In most cases, we need a lot of pushing at first, for example by making a reminder, but eventually we build up enough momentum that doing what needs doing becomes a habit — not an exception.

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                From Creating Reminders to Building Habits

                A habit is any act we engage in automatically without thinking about it.

                For example, when you brush your teeth, you don’t have to think about every single step from start to finish; once you stagger up to the sink, habit takes over (and, really, habit got you to the sink in the first place) and you find yourself putting toothpaste on your toothbrush, putting the toothbrush in your mouth (and never your ear!), spitting, rinsing, and so on without any conscious effort at all.

                This is a good thing because if you’re anything like me, you’re not even capable of conscious thought when you’re brushing your teeth.

                The good news is you already have a whole set of productivity habits you’ve built up over the course of your life. The bad news is, a lot of them aren’t very good habits.

                That quick game Frogger to “loosen you up” before you get working, that always ends up being 6 hours of Frogger –– that’s a habit. And as you know, habits like that can be hard to break — which is one of the reasons why habits are so important in the first place.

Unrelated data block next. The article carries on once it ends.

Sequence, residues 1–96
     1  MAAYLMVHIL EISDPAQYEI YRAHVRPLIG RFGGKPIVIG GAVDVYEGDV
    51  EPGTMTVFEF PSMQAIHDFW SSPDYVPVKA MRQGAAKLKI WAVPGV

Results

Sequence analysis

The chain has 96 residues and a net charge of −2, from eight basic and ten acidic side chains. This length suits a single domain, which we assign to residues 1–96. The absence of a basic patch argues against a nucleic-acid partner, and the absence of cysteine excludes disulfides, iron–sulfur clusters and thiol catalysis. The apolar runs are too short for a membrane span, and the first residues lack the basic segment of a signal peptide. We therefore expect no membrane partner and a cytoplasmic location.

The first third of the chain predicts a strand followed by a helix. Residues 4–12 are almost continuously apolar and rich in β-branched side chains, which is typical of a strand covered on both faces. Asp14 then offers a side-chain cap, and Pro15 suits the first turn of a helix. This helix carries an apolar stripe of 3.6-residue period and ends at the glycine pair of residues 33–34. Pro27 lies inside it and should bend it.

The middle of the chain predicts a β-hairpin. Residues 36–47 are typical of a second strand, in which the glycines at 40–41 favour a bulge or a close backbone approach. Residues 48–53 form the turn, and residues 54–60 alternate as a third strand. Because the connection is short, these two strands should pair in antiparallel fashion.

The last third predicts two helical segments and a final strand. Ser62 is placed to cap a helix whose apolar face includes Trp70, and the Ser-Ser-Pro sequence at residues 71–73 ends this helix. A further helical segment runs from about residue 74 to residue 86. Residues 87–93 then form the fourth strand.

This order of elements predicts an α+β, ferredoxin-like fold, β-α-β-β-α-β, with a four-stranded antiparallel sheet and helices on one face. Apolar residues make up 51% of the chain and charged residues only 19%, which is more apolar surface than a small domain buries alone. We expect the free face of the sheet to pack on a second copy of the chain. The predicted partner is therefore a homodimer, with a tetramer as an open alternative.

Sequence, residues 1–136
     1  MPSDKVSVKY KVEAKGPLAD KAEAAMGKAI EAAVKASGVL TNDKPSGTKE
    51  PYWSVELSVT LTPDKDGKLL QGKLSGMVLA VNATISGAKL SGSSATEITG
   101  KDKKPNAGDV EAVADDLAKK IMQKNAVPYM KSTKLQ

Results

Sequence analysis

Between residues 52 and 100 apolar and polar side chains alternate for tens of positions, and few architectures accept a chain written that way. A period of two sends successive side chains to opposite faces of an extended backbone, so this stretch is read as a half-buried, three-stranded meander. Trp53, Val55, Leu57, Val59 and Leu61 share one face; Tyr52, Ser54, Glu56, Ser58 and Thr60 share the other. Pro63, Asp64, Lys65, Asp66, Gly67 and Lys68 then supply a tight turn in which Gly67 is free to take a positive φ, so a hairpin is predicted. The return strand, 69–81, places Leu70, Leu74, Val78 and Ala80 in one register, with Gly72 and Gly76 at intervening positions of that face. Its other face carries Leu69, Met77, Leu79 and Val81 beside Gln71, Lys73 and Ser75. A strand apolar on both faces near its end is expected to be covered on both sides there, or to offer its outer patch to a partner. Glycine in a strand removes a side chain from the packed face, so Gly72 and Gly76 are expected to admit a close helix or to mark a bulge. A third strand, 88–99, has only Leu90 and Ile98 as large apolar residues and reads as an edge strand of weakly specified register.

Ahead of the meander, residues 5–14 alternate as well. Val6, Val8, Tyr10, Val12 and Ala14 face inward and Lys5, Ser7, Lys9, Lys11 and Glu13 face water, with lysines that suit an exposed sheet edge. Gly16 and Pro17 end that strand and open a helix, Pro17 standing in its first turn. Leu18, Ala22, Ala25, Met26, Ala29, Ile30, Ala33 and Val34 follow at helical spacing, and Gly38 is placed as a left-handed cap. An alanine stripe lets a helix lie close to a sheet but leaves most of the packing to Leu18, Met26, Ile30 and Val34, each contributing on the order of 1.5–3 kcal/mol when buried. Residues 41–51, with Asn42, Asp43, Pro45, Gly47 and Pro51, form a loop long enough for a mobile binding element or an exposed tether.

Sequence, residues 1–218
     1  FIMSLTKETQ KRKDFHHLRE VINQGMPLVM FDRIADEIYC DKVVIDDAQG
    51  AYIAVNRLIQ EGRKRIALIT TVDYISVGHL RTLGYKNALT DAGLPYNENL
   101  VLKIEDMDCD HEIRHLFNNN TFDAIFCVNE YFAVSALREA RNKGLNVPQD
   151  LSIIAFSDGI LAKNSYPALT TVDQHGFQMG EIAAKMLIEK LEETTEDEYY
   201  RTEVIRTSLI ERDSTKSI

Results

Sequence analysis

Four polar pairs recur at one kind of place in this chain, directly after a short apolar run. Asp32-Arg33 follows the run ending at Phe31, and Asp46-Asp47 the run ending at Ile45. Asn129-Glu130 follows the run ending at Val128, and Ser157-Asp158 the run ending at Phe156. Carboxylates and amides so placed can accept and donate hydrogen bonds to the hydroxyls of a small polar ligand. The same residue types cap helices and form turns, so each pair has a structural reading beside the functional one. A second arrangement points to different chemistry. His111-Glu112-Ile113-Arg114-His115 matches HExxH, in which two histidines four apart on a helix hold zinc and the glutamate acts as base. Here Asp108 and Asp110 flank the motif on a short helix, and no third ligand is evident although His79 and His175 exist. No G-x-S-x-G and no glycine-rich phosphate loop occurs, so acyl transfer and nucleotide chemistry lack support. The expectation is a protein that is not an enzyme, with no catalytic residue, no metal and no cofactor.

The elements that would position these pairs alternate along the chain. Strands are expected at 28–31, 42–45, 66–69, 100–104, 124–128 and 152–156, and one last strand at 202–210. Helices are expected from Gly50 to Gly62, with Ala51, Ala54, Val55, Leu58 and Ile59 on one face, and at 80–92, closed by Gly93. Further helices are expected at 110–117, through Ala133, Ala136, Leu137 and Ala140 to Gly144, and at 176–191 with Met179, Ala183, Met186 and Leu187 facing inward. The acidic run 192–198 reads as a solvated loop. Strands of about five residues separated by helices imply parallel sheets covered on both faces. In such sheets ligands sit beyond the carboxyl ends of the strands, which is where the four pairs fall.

Once you’ve replaced an unproductive habit with a more productive one, the new habit will be just as hard to break as the old one was. Getting there, though, can be a chore!

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                The old saw about anything you do for 21 days becoming a habit has been pretty much discredited, but there is a kernel of truth there — anything you do long enough becomes an ingrained behavior, a habit. Some people pick up habits quickly, others over a longer time span, but eventually, the behaviors become automatic.

                Building productive habits, then, is a matter of repeating a desired behavior over a long enough period of time that you start doing it without thinking.

                But how do you remember to do that? And what about the things that don’t need to be habits — the one-off events, like taking your paycheck stubs to your mortgage banker or making a particular phone call?

                The trick to reminding yourself often enough for something to become a habit, or just that one time that you need to do something, is to interrupt yourself in some way in a way that triggers the desired behavior.

                The Wonderful Thing About Triggers — Reminders

                A trigger is anything that you put “in your way” to remind you to do something. The best triggers are related in some way to the behavior you want to produce.

                For instance, if you want to remember to take something to work that you wouldn’t normally take, you might place it in front of the door so you have to pick it up to get out of your house.